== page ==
Wednesday, February 07, 2007

Caveat Blogger [UPDATED]

As often happens in blogworld, one of the hot topics among bloggers is other bloggers.

In case you haven’t heard at all, the Edwards campaign hired two bloggers – one from Pandagon and one the Pseudonym-sake of Shakespeare’s Sister – to do essentially netroots outreach. Since then, a conservative blogger/activist has called out the bloggers for “profanity” and “anti-Catholic bias.”

I’ll not run down the charges to decide if they are legit – Glenn Greenwald does a good job of that. I do agree with him that the NYT coverage of the controversy is a bit one sided – nothing in the story acknowledges that John McCain's blogger/consultant is guilty of some pretty ugly blogging himself. And I can't help but wonder if the NYT's editorial decisions were at least influenced by the Grey Lady's blogger getting schooled by the netroots.

All that aside, I do think this brings up issues worth considering.

First off, campaign hires are part of the blog ecosystem. While it’s not likely true at this point that people start blogging as a stepping stone to careers as political consultants, fact is, there have been natural cross-pollination between the two worlds that will likely continue. Veteran readers of the Pages recall my hiatus from blogging last yeas while I worked on Tom Sawyer’s campaign for State Board of Education.

Any campaign worth running weighs the baggage of anyone coming on board. In the new media world, this will include vetting the blogs of bloggers. It’s no secret that what people do online can get them sacked at work – just ask Melissa Hopsador. This could be the reason, at least in part, that Chris Geidner tore down all of Law Dork when he went to work for the notoriously prickly Marc Dann.

All of which is going to make some people fret that bloggers will censor themselves to keep themselves salable. It might happen, among those with political ambitions, but that’s life. It’s also not the worst thing that could happen to the blogosphere. After all, the chief public complaint against these bloggers is their liberal use of profanity. I complain about that too. Or more specifically, I tend not to read blogs that rely heavily on the dirty talk to make a point. Not that the words offend me – trust me, I’m no stranger to cussing in real life. But I’m far more impressed when a writer can be funny or express outrage without spraying f-bombs all over the place.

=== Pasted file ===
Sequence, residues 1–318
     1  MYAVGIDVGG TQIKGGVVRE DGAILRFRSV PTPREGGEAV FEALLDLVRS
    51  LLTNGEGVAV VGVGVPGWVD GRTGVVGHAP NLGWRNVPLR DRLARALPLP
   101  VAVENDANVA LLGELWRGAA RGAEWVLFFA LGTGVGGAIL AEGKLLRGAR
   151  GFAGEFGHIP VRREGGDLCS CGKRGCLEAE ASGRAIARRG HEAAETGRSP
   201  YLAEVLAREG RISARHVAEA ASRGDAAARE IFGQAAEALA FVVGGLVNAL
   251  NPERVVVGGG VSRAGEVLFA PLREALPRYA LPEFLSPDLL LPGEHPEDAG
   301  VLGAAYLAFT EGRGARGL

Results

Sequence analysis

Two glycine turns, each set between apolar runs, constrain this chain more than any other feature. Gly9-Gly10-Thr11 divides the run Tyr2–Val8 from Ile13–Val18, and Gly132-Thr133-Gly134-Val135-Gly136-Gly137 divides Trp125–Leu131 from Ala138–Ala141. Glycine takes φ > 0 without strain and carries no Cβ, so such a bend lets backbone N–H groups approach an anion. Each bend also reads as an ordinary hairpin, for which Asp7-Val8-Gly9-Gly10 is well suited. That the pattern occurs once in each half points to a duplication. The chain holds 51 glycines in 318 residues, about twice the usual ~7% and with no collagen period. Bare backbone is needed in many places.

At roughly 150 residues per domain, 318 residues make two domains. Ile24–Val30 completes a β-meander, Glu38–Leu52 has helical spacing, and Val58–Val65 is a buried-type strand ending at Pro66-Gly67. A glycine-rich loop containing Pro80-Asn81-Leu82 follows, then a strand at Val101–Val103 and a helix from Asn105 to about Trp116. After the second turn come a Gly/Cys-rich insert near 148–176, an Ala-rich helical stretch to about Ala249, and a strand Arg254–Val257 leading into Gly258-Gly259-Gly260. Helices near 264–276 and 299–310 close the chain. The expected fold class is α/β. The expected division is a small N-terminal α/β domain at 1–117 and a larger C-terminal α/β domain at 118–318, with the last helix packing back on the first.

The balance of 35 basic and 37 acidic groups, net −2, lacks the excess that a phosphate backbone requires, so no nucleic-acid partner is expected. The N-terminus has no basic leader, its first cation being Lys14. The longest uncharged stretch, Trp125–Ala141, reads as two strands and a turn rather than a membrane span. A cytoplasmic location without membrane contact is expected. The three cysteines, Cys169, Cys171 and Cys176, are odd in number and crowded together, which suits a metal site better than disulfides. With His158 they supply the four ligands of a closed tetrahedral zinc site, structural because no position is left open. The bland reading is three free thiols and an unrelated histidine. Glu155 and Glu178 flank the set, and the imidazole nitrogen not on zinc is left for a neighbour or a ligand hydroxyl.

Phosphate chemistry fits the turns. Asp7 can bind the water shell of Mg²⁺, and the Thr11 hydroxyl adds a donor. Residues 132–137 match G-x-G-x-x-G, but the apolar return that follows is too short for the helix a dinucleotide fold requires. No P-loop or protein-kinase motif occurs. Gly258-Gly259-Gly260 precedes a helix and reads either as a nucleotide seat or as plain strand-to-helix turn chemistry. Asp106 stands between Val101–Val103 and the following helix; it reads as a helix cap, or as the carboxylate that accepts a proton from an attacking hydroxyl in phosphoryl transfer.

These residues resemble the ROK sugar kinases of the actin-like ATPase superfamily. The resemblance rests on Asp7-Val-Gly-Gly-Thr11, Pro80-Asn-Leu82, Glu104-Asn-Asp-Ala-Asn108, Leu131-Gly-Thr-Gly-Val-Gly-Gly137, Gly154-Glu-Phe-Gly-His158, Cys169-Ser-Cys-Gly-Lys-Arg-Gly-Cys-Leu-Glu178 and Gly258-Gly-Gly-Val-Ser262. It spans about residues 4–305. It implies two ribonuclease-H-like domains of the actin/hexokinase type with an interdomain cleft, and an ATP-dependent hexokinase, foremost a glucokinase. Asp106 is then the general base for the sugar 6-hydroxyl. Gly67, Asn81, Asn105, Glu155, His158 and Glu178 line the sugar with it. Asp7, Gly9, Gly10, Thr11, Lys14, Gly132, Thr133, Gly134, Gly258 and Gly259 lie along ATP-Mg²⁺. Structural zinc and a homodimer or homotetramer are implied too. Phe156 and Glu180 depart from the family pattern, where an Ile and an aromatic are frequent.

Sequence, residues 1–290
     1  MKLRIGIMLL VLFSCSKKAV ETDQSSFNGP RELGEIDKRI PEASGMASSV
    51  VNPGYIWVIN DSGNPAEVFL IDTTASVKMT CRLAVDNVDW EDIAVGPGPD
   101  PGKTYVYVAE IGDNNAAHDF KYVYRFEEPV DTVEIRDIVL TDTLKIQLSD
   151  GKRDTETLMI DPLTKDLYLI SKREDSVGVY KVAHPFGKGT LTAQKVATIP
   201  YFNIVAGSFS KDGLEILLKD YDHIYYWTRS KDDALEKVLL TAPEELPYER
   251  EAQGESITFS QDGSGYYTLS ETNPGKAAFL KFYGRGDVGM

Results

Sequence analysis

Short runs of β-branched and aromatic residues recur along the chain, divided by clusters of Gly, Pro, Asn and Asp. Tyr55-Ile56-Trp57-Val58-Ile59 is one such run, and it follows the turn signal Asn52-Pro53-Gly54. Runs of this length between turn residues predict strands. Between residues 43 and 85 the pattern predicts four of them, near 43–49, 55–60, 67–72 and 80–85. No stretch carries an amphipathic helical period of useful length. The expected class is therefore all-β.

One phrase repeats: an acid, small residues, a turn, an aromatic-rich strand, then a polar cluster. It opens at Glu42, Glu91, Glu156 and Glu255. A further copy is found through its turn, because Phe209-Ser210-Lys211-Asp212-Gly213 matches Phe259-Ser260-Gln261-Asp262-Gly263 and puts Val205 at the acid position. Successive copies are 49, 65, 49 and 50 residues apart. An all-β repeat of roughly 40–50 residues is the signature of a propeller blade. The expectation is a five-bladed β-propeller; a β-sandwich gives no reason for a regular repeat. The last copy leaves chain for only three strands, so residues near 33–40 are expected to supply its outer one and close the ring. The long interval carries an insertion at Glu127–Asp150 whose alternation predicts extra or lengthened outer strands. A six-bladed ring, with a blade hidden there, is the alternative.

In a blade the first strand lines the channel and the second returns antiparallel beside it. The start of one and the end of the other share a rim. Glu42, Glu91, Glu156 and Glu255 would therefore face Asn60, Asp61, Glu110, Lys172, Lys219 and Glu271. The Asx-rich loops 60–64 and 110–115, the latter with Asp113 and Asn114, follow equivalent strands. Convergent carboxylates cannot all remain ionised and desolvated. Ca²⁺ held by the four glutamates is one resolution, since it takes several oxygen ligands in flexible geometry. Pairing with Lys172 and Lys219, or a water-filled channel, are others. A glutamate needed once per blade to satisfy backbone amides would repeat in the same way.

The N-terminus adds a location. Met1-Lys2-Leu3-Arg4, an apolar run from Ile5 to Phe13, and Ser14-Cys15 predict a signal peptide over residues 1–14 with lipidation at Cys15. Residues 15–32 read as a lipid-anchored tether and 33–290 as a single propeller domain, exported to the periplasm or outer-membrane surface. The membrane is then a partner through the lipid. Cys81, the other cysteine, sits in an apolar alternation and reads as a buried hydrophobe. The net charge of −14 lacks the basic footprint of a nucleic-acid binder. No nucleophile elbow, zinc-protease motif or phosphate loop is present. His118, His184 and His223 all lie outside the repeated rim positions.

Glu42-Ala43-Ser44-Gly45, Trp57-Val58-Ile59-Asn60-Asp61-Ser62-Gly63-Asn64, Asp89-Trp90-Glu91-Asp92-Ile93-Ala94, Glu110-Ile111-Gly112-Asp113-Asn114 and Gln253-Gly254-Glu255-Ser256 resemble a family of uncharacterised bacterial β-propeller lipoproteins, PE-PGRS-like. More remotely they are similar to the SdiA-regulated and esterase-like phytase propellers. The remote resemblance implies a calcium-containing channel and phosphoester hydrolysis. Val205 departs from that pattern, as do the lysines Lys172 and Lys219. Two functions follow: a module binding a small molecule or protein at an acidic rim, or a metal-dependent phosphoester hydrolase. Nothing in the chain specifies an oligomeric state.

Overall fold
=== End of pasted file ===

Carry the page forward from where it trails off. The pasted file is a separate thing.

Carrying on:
The other complaint – vulgar attacks on Catholics – is more in the eye of the beholder, but I wouldn’t exactly lose sleep if liberal bloggers were a little more respectful of religious beliefs they don’t share.

All in all, this is part of the new market reality of new media. Those people who want their blog to make them salable might be more careful about how they express themselves. Those who want nothing more than an outlet for public displays of outrageousness will continue to have an electronic soapbox, but will be less likely to get hired by campaigns.


The bloggers appear to have been fired, per Redhorse's link to Salon. Reaction from TNR, TPM, Kevin Drum and Chris Cillizza. By way of Cillizza we get this dead on observation from Ezra Klein:

    To back down would either prove that their hiring process was incompetent and they didn't vet someone with an extensive public record, or that they'll collapse beneath even moderate pressure from rightwing professionals. Neither is a good look for the new campaign.
Personally, I think the problem is the former, not the latter, which makes keeping the bloggers harder.

Oh, and Chris Bowers trying to throw his weight around hours after admitting that weight is rapidly evaporating is funny enough to be almost worth the whole episode.


boringmadedull said...

Well, I'm in no danger of being hired as a political consultant. Unless, of course, you want what S.J. Perelman once described as as straw to which the wind is pointing away from...

Since Edwards needs (and the rest of the Democratic contenders) are eager to pull in some of the religious vote, or at least come across as taking people of faith seriously, they really can't afford to have staff bloggers who can't deal civilly with those people.

That said, the Republic is certainly in no danger if people are encouraged to clean up their language. There's so much cussin' going on, it doesn't make much impression anymore.

And it's certainly no substitute for argument, which is what it seems to have become.

Pho said...

Boring, a solid political argument made without profanity is a rare and beautiful thing -- kind of like those occasions when you and I agree.